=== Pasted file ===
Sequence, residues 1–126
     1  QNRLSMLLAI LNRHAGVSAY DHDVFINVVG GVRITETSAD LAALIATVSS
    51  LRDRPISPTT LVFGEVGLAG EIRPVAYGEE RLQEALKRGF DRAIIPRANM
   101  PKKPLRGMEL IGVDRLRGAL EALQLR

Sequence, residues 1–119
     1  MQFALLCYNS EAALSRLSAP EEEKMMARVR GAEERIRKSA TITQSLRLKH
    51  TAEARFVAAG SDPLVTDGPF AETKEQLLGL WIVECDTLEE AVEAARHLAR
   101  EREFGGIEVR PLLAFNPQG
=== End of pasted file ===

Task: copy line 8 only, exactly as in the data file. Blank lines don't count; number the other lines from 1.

   101  EREFGGIEVR PLLAFNPQG